People – mostly women – who leave the workforce to look after aged, infirm or ill dependents could have their superannuation balances boosted by over $120,000. And it could be done at a neutral cost to the budget – that is the conclusion of KPMG’s July 2023 report, part of its long-running gender equity series.

Including Superannuation Guarantee contributions in Paid Parental Leave

The time women spend out of the workforce giving birth and raising children contributes not only to a gender pay gap and a gender income gap but also to a gender superannuation gap.

These gender inequities arise largely from our society’s economic undervaluation of unpaid caring work, which is performed predominantly by women.

Since 1 January 2011, when the Commonwealth Paid Parental Leave (PPL) scheme came into force, it has not included Superannuation Guarantee (SG) contributions. As it is still mostly mothers who take PPL, the omission of SG adds to the super and income gender gaps. 

KPMG continues to believe that since the Commonwealth pays Paid Parental Leave to eligible workers – and compulsory super contributions rightly form part of remuneration – then it follows logically that the Commonwealth should make Superannuation Guarantee contributions under its PPL scheme.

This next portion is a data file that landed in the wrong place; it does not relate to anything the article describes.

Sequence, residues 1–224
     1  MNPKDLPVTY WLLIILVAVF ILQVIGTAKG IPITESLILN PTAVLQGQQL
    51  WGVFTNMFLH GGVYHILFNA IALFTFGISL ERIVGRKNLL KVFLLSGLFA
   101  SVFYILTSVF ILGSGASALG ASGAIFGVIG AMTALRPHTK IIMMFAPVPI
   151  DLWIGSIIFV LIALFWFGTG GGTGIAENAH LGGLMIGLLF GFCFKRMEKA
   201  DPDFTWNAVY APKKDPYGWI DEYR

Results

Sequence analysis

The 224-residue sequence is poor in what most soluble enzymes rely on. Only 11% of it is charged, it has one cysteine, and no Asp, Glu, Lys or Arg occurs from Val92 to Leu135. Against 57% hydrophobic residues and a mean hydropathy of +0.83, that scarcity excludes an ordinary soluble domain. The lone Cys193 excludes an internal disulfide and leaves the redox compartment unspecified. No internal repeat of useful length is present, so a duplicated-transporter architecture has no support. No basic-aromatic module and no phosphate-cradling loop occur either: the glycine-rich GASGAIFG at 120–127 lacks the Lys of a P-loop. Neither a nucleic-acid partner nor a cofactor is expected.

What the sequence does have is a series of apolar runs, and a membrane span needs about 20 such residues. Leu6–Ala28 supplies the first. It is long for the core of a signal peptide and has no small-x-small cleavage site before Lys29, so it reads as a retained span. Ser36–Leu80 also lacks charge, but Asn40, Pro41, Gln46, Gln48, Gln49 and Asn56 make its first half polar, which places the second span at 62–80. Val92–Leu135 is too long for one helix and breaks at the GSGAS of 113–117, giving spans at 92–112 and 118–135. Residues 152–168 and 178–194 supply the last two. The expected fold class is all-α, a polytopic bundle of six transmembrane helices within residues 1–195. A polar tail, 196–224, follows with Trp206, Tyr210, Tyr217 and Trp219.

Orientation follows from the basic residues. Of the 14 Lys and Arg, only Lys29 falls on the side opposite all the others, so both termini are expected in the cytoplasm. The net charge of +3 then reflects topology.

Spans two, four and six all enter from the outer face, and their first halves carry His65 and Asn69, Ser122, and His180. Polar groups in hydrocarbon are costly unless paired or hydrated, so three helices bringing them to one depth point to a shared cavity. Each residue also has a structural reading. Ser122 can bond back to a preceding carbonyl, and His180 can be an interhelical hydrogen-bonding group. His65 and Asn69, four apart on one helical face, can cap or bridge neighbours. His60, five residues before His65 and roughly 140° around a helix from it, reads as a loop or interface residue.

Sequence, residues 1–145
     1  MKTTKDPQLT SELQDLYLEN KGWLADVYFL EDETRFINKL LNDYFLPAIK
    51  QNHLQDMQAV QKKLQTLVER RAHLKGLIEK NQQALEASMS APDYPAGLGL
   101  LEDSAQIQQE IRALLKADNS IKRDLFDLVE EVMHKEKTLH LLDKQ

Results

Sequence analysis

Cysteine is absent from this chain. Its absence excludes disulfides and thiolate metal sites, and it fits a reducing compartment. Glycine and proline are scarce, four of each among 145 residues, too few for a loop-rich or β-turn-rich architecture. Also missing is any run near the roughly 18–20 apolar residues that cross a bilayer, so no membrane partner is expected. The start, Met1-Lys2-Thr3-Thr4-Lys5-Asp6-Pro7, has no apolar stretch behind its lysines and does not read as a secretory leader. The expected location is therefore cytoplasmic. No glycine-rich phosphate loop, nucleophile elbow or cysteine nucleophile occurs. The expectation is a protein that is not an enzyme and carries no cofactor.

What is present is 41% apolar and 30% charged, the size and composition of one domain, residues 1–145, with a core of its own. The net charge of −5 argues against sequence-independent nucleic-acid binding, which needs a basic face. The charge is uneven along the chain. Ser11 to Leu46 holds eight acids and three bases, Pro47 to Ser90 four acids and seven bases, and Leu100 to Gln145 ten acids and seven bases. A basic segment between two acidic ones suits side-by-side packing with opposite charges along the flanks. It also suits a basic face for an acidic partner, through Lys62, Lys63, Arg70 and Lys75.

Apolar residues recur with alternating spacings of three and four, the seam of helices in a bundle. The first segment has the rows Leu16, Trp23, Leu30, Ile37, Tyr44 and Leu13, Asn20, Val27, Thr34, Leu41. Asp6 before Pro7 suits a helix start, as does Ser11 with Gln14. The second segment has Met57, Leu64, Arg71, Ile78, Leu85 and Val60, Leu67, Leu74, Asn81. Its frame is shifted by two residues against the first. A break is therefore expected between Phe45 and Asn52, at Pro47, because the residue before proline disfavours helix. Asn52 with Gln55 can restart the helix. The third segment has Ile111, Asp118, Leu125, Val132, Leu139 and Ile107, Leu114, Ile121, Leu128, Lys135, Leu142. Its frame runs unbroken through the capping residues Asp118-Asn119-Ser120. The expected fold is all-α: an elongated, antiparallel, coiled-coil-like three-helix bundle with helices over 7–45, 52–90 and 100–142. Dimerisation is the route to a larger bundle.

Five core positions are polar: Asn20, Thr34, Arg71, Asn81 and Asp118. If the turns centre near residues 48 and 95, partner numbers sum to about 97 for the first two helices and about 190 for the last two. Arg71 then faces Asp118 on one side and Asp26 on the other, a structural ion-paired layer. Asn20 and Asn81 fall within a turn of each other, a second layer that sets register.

We renew our call for the government to include Superannuation Guarantee contributions in Paid Parental Leave in future budgets.

Including Superannuation Guarantee contributions in Carer Payment

KPMG also recommends that the government considers adding superannuation contributions to the Commonwealth Carer Payment. This modest measure would be an immense boost for those recipients of the Carer Payment, who provide constant care to someone who has a disability, severe illness or is frail aged, and who often have to leave the workforce for years, leaving them with minimal super balances.

Carers benefit the federal budget by providing a valuable service to society at a much lower cost than if the people they look after went into formal care. Not only would KPMG’s proposal properly recognise and value that role – and help close the gender superannuation gap, given that most carers are women – but it could be done cost-neutral to the Budget over time.

From the individual’s perspective, a person who began caring at 35 years of age and continued to provide care and receive the Carer Payment for 15 consecutive years thereafter, the addition of SG contributions to the Carer Payment could be expected to boost the carer’s superannuation balance at retirement age by $123,000. KPMG economic analysis finds that this could be achieved at a budgetary cost of $45,500 in real terms.

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